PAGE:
4. Towards culmination

Although each of us is an individual amoeba, we aggregate following chemical instructions, forming a pseudoplasmodium in the shape of a slug. When the migrating slug stops, we know we have reached our final place. Rising, rising towards the light, we resist gravity. We are impelled by a genetic programming we are not aware of.

Our DNA works differently now, to produce new species of RNA never seen within our cells before. This is how we begin to differentiate, until we form the fruiting body. Stalk and spore head, sorophore and sorus.

The places we take up now, the part we play, is dependent on when we joined that aggregation back in the beginning. The first to join now become the lower stalk, the next to come form the upper stalk and spore cells, and those who arrive in the last stages of aggregation become the basal disc.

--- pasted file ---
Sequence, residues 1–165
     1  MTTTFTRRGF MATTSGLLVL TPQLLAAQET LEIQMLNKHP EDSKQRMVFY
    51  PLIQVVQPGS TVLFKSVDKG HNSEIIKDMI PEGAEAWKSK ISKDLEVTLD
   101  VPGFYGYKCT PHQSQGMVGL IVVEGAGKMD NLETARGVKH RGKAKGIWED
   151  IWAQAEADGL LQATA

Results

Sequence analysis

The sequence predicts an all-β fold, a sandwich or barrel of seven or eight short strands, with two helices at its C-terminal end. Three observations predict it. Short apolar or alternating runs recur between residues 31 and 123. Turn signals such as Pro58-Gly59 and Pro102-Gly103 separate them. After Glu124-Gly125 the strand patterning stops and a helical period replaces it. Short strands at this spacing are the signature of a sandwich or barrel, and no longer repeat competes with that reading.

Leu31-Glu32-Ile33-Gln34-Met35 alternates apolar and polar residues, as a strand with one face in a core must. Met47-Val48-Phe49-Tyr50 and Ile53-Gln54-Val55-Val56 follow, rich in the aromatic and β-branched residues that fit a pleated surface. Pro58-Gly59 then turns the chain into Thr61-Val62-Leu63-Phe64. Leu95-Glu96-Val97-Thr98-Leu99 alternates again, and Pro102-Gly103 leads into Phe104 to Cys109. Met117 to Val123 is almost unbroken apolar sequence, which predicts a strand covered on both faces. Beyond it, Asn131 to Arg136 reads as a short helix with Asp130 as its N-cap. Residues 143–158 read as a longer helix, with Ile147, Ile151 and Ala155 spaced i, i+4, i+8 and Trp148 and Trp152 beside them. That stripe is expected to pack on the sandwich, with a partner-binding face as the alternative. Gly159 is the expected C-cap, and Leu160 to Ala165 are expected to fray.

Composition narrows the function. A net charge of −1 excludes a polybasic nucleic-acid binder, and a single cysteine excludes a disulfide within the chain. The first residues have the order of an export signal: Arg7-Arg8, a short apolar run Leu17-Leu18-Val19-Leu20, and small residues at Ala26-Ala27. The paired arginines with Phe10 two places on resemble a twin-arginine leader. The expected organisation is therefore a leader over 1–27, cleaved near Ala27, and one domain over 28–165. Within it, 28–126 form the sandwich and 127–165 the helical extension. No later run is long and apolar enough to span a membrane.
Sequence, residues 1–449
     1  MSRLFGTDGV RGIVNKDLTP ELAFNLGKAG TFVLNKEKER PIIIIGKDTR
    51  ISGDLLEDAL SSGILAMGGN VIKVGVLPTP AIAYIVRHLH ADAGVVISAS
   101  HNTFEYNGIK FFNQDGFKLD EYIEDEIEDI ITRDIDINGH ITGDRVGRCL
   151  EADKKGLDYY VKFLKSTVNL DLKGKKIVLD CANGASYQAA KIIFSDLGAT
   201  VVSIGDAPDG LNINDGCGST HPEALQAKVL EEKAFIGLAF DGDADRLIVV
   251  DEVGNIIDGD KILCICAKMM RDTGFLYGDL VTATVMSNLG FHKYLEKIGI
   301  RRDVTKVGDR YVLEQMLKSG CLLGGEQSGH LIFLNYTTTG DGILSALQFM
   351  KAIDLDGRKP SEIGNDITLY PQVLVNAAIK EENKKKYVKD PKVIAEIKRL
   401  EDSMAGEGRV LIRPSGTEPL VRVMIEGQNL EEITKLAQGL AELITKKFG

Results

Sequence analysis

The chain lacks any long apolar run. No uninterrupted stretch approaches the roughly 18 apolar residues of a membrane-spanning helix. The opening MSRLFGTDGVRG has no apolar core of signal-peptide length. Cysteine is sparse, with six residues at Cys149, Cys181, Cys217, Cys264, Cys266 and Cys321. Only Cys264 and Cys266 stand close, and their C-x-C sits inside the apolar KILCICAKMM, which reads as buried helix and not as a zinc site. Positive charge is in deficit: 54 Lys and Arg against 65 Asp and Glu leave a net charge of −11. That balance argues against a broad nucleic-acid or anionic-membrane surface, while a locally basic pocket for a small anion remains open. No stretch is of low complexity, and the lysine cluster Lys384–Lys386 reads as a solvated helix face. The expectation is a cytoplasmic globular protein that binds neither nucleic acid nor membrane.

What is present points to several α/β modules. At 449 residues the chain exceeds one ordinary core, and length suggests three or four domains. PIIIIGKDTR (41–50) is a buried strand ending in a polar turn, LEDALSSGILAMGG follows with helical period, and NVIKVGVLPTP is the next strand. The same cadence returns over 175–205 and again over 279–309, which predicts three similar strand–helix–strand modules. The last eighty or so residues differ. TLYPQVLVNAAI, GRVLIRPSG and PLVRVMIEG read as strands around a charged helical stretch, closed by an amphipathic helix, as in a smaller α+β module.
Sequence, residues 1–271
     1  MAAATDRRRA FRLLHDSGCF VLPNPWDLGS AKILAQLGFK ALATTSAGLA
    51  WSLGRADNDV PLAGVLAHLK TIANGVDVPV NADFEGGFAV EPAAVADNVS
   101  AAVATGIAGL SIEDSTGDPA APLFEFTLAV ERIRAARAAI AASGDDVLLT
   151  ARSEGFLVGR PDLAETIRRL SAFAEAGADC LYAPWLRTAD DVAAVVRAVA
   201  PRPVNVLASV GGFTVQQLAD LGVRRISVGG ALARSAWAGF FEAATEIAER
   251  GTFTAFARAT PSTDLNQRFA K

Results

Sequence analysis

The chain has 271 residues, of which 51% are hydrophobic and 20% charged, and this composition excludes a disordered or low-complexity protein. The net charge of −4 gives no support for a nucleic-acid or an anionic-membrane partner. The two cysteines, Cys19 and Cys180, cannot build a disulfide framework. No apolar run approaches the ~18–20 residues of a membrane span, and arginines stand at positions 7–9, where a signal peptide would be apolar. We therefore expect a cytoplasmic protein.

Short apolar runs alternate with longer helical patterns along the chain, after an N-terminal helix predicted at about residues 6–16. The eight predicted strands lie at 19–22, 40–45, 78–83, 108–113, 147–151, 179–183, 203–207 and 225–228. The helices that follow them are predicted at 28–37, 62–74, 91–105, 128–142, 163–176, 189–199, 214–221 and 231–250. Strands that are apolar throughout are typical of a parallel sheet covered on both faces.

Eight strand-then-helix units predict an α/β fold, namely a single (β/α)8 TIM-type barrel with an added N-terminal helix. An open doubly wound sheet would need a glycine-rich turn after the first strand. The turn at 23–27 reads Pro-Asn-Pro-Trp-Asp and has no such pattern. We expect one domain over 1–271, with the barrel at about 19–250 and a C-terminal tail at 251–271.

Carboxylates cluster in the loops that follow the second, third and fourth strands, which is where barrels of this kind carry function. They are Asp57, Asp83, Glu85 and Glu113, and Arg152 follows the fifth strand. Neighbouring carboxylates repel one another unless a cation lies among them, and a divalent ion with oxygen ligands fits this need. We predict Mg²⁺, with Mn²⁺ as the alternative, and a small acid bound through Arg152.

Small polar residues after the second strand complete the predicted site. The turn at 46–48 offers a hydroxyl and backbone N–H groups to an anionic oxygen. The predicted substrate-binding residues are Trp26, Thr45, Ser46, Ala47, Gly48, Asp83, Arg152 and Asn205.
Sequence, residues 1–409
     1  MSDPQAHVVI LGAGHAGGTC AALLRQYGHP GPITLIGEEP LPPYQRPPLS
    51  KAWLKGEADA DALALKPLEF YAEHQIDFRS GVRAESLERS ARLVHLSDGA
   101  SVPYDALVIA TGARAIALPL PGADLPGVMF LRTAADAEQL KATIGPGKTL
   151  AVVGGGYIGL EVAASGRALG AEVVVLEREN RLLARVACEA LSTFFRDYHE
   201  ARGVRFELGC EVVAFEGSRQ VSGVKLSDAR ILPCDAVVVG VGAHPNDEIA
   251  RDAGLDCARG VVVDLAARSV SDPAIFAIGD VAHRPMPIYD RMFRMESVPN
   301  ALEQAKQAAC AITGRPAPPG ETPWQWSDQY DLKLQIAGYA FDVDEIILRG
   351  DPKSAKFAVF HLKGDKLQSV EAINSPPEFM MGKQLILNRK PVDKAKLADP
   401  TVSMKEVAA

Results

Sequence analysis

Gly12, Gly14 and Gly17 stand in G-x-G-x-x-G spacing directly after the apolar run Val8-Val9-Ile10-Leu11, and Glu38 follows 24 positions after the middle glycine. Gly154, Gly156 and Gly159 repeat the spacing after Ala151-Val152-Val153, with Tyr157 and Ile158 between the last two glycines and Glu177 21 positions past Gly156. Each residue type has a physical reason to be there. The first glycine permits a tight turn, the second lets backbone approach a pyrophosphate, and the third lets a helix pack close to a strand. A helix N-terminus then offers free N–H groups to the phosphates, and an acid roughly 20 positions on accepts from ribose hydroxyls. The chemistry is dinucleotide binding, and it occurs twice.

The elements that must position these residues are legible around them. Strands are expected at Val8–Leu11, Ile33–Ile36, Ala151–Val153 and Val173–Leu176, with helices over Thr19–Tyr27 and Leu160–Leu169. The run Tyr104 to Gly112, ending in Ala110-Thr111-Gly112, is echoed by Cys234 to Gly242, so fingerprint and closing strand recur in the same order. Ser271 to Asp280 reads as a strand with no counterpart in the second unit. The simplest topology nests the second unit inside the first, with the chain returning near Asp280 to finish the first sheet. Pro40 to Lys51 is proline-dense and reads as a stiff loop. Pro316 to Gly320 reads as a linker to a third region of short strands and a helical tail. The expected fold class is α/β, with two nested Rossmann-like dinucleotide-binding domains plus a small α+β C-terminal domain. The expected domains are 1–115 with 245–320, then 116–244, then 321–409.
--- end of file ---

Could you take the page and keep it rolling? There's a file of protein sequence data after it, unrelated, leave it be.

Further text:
But still if we become separated from one another now, we can return to that amoeboid state and wait for a better opportunity, wait for the signal to come again. When the environment is right, the spores in the head will be dispersed onto the ground to start the life cycle again.

sorocarp5. Sorocarp

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Helen Whitehead

Part of this work was submitted as the Dissertation for the MA in Writing

Nottingham Trent University

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Last amended on 21st May 1998 / copyright H. M. Whitehead